We left the park and headed to the pet store. Next to the rabbit supplies we found the beetle supplies and bought a big bag of dirt and some bins to keep our larvae in. 

The man told us they would have to sit in the dirt until June (this being back in February or March). That in may the larva would build a cocoon and in early June the beetle would emerge. He said to try no to disturb the beetle and things would work out fine. 
Over the past few weeks I would ask Tofu if he had been checking in on his larva. Other the naming it Nobunaga (a famous samurai of local lore) he had all of the patience and good sense to leave it well enough alone. 
I on the other hand, nearly twenty years his elder, couldn't help but pick up my box ever day or so and see the different places the larva had burrowed to. I often wondered if I shouldn't be moving it around so much but, like scratching a mosquito bite, I couldn't resist. 
A few more weeks past and the time when I would move to Nagoya was fast approaching. I was worried about my little larva for two reasons. The first was that on several occasions I could hear it rap-tap-taping its many legs against the bottom of the plastic container. I was afraid it had run out of clean dirt and was surely going to suffocate in its own poop. It would remain a larva forever and I would never get to see in its glorious beetle state. The second reason was that once it became a cocoon it really was not supposed to be moved. These little bugs, as larva, as cocoon, and even as beetle, are highly susceptible to dying of shock. I was worried the trip from Gifu to Nagoya would surely be its end.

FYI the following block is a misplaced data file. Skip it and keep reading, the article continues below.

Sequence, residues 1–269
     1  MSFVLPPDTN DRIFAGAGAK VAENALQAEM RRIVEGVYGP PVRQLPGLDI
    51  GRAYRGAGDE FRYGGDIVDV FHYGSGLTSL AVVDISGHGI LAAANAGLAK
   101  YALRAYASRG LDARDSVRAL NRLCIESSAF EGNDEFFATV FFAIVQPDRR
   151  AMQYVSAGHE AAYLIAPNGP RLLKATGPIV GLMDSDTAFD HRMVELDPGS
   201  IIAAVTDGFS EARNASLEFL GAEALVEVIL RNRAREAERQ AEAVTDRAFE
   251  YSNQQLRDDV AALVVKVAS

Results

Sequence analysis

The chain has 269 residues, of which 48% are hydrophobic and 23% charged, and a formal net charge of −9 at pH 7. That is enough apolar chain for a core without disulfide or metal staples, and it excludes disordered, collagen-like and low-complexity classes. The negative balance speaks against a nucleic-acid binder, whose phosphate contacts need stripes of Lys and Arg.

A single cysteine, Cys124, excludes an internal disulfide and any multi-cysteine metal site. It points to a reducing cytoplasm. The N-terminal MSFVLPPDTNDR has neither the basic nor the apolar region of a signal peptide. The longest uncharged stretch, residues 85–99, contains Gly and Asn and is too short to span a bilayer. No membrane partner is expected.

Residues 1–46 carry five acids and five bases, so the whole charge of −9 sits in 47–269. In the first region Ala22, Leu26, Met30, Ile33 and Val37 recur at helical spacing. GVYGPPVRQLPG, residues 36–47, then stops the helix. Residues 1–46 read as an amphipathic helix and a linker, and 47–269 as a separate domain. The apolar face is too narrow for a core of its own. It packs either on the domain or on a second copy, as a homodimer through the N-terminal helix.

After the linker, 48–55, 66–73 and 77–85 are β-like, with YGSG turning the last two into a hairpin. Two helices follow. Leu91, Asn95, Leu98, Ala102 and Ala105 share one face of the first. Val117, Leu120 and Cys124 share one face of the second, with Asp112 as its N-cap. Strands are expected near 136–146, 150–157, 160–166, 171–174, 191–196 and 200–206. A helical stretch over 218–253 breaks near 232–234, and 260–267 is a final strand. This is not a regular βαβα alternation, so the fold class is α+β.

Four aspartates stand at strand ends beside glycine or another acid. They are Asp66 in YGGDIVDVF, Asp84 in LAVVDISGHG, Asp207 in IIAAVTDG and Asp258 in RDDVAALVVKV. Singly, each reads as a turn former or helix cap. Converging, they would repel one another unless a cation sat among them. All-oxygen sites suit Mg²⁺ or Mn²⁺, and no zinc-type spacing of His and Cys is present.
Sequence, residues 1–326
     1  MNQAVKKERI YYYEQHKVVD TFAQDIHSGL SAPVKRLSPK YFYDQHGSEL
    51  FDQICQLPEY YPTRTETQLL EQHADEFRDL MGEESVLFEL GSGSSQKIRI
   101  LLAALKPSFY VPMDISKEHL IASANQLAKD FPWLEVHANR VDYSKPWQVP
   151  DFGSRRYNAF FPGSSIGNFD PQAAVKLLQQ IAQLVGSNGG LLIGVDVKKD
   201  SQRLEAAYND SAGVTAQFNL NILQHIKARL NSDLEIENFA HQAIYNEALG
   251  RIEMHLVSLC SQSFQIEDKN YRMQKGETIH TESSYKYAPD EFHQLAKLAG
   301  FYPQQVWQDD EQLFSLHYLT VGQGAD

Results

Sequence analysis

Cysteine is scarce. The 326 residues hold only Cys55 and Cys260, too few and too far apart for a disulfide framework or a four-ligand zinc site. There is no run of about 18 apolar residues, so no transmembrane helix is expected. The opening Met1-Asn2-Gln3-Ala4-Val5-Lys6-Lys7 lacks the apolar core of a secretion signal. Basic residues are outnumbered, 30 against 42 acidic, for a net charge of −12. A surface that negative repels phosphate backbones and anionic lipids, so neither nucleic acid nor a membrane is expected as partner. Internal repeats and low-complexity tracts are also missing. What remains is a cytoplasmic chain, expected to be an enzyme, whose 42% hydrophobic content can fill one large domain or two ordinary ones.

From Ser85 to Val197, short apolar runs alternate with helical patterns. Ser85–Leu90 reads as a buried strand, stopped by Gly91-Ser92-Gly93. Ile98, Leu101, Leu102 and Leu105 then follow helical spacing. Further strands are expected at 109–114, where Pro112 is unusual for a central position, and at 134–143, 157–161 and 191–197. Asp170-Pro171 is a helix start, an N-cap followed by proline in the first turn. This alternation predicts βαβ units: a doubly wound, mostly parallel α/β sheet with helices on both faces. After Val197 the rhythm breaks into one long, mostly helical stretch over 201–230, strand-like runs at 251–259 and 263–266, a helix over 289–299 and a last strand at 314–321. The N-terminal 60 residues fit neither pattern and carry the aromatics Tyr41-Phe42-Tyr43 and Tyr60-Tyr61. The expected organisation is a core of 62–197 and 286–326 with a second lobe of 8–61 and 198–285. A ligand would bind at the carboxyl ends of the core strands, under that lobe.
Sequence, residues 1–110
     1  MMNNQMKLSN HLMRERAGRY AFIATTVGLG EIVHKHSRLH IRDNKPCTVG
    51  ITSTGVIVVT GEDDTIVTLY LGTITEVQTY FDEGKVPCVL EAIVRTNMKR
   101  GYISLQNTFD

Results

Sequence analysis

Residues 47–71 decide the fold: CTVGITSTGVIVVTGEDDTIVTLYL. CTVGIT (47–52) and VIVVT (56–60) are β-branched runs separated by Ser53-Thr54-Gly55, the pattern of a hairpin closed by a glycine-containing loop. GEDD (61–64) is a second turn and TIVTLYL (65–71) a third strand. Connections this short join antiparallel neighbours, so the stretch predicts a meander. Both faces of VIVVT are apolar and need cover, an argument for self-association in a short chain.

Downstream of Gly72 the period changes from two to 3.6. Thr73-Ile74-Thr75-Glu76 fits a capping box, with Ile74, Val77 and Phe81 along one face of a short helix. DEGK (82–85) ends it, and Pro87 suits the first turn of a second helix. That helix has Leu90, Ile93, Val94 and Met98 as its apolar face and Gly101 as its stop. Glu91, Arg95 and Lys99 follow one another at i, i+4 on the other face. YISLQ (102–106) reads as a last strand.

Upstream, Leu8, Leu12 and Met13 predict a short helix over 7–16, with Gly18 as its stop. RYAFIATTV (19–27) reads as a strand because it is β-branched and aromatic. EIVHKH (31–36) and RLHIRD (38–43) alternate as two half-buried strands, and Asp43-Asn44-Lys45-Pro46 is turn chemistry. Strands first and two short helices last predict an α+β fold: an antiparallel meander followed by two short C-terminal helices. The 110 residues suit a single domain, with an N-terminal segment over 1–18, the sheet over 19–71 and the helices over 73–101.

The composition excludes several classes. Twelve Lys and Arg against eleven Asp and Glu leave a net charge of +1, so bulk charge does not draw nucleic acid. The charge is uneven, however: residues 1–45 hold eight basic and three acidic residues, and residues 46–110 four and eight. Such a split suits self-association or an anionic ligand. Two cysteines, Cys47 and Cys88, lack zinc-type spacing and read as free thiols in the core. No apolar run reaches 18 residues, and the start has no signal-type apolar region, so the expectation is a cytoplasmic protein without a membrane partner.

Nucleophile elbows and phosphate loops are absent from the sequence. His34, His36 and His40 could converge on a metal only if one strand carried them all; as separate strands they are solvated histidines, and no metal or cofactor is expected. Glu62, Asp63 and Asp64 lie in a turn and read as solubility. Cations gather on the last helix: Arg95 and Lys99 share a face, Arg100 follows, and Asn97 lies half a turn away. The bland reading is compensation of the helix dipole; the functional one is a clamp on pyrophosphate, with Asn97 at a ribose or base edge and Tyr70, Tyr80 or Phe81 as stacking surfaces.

I moved it anyway and for the last month and a half it has been sitting in my closet in the dark. It hasn't made a sound, and it hasn't moved. It has done nothing and now we are in the later part of June. I am trying to get some sleep and my beetle pet was never my beetle pet. I am resigned to the fate of my beetle and try to resign also to my own. It is later than it should be and I am not as tired as I should be.  
The night does strange things to perception. The most interesting of stories can lull us to sleep. Garrison Keillor's voice, the BBC, the films of Fritz Lang all fascinating to me, and yet they are a sure step in the direction of snoozeville. It is almost a pavlovian reaction, as if I have been trained to fall asleep to these sweet soothing sounds. Sounds that are not so soothing have the same effect; rain beating on a tin rooftop, the incessant trains that rattle ten stories below my window.